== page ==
Aesthetics considered harmful
Why hello there! I just got back from travels to Japan and New Zealand and so I’m trying to get back in the saddle of writing a few times a week. It’s an uncomfortable and unforgiving saddle on an unpleasant, mean-spirited, and violent horse, so we’ll see how it goes.
Anyway, the other day I was thinking about how the aesthetics of a game (or probably any other creative work or, perhaps, anything at all) can really paint (ha ha) you into a corner in terms of other elements of a project. Specifically, before leaving I’d been working on a project called It is as if you were doing work as a kind of follow up/semi-sequel to It is as if you were playing chess, where the idea is to look like you’re working rather than playing chess.
I used the spirit of the aesthetic of the previous game as a starting point, so had these very minimalist buttons and checkboxes and so on set against a dark grey background. In the interest of simplicity and minimalism I even went to far as to remove language altogether so that you had these kinds of alien shapes instead of something intelligible – pure interface. It looked quite good.
The problem is, it looked quite good in a way that utterly diverted me from the actual point of the game I was initially trying to make. And there’s the rub (apparently that expression derives from bowls, who knew?) – when you set an aesthetic you’re setting a kind of emotional tone for the overall project which, in turn, seeps out into all the other parts, notably the design of the actual interactive bits, the dynamics, etc. So by having established (and fallen a bit in love with) a minimalist/anti-meaning aesthetic, I was driven to think about the game itself as minimalist and anti-meaning. The problem with that being that that wasn’t what I wanted to make.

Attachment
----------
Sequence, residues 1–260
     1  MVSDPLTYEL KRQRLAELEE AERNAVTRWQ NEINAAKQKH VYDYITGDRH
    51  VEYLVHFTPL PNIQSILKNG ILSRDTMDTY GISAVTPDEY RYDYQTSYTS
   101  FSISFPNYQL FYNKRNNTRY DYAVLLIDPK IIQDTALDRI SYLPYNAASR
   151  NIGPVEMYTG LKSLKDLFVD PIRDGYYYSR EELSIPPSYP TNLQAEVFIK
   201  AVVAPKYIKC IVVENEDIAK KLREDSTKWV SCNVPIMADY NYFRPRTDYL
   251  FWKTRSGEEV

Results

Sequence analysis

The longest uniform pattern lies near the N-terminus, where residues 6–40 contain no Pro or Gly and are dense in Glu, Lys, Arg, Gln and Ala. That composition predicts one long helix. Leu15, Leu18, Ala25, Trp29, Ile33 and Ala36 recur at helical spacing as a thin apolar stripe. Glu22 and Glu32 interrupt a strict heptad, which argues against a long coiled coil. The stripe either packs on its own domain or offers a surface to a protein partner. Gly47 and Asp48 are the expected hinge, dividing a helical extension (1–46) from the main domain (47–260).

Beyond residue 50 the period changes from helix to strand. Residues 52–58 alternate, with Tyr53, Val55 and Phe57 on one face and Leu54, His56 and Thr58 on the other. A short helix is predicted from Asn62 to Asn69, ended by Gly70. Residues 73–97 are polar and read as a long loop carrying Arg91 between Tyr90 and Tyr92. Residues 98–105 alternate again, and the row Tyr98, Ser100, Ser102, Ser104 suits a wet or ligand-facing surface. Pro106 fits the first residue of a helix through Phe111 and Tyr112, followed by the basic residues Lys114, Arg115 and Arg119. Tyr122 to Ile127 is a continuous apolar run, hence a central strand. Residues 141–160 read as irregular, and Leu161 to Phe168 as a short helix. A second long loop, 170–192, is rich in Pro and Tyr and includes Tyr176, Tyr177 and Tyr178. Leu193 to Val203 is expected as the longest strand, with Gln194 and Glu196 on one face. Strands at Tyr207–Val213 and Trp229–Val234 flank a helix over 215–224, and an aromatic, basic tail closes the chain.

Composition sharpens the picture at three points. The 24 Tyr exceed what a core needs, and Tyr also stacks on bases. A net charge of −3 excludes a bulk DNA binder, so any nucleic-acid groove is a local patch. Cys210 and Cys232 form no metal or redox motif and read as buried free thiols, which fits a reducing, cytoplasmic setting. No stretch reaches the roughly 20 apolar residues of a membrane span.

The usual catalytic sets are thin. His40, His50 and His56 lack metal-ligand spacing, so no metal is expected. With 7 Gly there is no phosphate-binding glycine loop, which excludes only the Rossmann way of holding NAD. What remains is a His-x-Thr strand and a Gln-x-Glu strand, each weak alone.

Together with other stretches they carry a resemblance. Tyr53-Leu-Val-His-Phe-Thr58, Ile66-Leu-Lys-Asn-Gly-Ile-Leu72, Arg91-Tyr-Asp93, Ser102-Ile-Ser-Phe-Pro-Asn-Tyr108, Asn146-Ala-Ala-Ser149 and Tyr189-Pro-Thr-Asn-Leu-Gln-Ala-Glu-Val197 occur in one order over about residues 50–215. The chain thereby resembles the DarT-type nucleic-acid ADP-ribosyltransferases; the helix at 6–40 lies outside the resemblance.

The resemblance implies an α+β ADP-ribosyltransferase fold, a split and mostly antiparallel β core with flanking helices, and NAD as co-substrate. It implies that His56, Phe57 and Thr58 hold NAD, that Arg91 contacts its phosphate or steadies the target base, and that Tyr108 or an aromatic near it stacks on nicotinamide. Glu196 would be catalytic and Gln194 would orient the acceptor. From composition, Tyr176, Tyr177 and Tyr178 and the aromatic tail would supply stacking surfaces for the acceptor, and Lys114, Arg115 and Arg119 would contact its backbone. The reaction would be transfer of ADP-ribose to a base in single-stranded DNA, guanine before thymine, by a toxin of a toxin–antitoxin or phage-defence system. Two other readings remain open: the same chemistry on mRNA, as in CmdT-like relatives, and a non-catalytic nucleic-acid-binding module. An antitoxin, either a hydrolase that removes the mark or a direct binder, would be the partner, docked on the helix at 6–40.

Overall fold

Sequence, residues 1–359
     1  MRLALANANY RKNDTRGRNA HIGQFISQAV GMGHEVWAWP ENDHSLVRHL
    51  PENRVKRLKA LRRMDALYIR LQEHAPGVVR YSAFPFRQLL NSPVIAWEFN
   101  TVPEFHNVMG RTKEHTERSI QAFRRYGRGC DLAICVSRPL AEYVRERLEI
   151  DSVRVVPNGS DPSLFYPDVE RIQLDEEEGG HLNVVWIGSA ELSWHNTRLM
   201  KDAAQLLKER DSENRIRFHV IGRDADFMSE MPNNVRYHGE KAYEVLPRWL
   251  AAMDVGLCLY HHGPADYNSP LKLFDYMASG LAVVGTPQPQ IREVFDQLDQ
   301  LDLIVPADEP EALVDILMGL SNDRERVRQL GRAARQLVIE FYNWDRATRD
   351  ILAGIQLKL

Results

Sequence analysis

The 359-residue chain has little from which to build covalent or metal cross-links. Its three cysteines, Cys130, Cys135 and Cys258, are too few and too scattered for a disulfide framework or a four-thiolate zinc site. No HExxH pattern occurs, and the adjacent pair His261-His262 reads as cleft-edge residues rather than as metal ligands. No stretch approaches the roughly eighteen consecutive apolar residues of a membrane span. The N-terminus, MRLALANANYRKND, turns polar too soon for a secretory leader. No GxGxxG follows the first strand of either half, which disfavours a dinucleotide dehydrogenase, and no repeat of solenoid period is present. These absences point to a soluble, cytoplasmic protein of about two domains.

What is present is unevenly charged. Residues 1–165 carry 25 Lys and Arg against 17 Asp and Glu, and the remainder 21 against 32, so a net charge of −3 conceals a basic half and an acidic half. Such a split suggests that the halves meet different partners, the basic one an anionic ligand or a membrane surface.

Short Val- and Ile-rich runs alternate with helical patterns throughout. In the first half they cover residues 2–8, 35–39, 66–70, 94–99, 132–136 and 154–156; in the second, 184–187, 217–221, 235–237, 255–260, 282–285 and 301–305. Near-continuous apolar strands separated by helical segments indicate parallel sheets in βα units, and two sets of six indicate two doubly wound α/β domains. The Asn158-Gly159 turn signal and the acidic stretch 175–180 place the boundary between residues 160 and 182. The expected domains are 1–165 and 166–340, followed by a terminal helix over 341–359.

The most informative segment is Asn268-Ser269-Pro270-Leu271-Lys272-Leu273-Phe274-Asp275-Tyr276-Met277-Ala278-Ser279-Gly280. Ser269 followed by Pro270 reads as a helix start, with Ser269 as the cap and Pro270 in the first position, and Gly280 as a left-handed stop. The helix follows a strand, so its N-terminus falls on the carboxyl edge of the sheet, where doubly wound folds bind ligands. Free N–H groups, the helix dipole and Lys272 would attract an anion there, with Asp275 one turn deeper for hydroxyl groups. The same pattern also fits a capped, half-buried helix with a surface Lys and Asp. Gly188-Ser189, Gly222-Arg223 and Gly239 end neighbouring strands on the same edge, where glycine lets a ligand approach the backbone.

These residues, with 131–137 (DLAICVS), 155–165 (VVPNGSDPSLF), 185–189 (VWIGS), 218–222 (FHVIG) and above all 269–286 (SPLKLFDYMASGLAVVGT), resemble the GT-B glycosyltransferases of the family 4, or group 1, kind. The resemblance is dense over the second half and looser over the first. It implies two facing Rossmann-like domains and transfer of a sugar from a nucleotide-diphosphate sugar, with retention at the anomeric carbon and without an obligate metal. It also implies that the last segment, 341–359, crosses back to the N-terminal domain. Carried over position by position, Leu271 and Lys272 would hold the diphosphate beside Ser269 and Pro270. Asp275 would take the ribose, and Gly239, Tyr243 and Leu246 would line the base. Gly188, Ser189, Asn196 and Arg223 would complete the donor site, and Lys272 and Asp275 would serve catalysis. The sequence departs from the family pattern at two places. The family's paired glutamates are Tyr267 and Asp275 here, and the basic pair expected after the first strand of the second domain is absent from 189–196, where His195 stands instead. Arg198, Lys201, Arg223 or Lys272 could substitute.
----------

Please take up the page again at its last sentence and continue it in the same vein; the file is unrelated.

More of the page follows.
The idea behind It is as if you were doing work was all about creating (somehow) the sensation of “working” as a kind of game. So it was to focus on that sense of mini-achievement you have when you do some little work unit like closing a dialog box or clicking a button, and by building up lots of these it was going to allow you to sort of look like you were working (ala the “Boss Key” in a game like Leisure Suit Larry) but also feel like you were being “productive” in this essentially empty way.
In order to create those sorts of feelings, though, you really need to evoke familiar tropes of work and the kinds of “content” that work has. It’s hard to represent those tropes in a futuristic-looking minimalist environment, particularly if you’re foregoing the use of intelligible language. And so what happened is I spent quite a while unable to make progress – the aesthetics of the interface I’d create didn’t want to be the game I wanted to make, and I couldn’t see that for quite a while.
Finally, after setting the game aside for quite a while, I had the sudden zennish realisation that I needed to rework how the game looked in order to be able to actually work out how it would behave. By reskinning it to look more like Windows 95 and with text in English, it was suddenly possible to see how the game could move forward, and in fact a bunch of ideas occurred to me and progress was made.
So, be careful with aesthetics, my friends – they sure as hell aren’t some sort of skin on top of the ‘real game’, and in fact they can completely dominate your process without you quite knowing it.
You’ve been warned.